Endoscopic treatment of hydrocephalus due to aneurysm of the vein of Galen: case report and literature review

A Feletti, L Denaro, E Marton, D d'Avella, P Longatti
Minimally Invasive Neurosurgery: MIN 2007, 50 (5): 285-91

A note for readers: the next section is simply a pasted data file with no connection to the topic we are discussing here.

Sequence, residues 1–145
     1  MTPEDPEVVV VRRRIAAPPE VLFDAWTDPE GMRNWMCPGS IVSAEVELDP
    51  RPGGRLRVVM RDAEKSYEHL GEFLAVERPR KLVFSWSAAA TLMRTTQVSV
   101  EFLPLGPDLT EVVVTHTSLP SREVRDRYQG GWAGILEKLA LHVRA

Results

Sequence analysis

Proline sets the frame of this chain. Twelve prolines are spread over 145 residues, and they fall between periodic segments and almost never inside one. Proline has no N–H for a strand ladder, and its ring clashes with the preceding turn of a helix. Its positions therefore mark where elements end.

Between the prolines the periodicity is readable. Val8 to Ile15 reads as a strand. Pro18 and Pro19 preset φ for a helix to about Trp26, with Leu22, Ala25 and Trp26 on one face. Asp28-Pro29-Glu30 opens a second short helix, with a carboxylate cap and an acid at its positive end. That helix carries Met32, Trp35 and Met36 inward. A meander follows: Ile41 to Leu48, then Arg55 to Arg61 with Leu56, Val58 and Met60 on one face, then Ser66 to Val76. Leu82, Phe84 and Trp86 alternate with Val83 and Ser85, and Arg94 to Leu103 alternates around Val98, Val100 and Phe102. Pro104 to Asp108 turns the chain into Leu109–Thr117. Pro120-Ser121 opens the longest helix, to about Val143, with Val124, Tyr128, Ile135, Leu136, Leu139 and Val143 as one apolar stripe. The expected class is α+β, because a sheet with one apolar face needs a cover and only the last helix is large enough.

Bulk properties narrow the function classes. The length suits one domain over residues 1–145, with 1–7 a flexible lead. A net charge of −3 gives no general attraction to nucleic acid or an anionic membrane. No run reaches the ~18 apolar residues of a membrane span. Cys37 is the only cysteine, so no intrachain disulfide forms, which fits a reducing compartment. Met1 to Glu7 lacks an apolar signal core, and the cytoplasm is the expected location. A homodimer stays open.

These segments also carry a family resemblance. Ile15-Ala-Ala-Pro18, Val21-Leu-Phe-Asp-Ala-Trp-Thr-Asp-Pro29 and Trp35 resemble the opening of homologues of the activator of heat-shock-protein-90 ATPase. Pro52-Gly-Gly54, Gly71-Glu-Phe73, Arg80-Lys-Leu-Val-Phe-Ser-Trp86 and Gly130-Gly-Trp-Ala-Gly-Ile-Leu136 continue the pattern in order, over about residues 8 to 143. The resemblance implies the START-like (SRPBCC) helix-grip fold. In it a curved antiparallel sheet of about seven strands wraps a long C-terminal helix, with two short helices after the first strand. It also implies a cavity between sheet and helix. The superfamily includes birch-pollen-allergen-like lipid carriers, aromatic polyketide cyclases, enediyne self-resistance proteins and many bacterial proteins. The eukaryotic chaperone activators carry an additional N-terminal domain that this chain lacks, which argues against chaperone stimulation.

Aneurysms of the vein of Galen are uncommon vascular malformations. They are most frequently seen in infants and children, leading to heart failure and hydrocephalus. Exceptionally, they are detected in adults. Several theories have been proposed to explain hydrocephalus in these patients: obstruction of the cerebral aqueduct, impaired absorption of CSF after subarachnoid hemorrhage, passive ex-vacuo mechanism, or thrombosis of an aneurysm. Hydrocephalus has been treated mainly with cerebrospinal shunt procedures, but also direct surgery, radiosurgery and embolisation of the malformation have proved to be effective. We report the case of a partially thrombosed ectasia of the vein of Galen in a 44-year-old male, with huge hydrocephalus successfully treated with an endoscopic third ventriculostomy.

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